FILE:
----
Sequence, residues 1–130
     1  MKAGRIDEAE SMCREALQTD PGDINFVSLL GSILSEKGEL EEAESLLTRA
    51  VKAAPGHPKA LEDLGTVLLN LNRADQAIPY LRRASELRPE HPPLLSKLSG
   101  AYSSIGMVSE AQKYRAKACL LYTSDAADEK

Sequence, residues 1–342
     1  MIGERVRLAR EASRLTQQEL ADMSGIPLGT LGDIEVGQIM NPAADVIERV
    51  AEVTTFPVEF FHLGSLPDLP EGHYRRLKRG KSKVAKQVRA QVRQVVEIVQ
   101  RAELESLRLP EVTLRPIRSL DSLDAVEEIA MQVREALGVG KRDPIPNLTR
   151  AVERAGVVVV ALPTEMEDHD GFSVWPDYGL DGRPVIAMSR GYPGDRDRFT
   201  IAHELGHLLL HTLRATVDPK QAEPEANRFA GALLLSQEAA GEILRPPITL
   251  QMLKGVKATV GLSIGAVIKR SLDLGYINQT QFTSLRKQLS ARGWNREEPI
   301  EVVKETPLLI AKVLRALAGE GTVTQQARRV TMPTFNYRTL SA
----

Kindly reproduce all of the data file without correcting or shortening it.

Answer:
Sequence, residues 1–130
     1  MKAGRIDEAE SMCREALQTD PGDINFVSLL GSILSEKGEL EEAESLLTRA
    51  VKAAPGHPKA LEDLGTVLLN LNRADQAIPY LRRASELRPE HPPLLSKLSG
   101  AYSSIGMVSE AQKYRAKACL LYTSDAADEK

Sequence, residues 1–342
     1  MIGERVRLAR EASRLTQQEL ADMSGIPLGT LGDIEVGQIM NPAADVIERV
    51  AEVTTFPVEF FHLGSLPDLP EGHYRRLKRG KSKVAKQVRA QVRQVVEIVQ
   101  RAELESLRLP EVTLRPIRSL DSLDAVEEIA MQVREALGVG KRDPIPNLTR
   151  AVERAGVVVV ALPTEMEDHD GFSVWPDYGL DGRPVIAMSR GYPGDRDRFT
   201  IAHELGHLLL HTLRATVDPK QAEPEANRFA GALLLSQEAA GEILRPPITL
   251  QMLKGVKATV GLSIGAVIKR SLDLGYINQT QFTSLRKQLS ARGWNREEPI
   301  EVVKETPLLI AKVLRALAGE GTVTQQARRV TMPTFNYRTL SA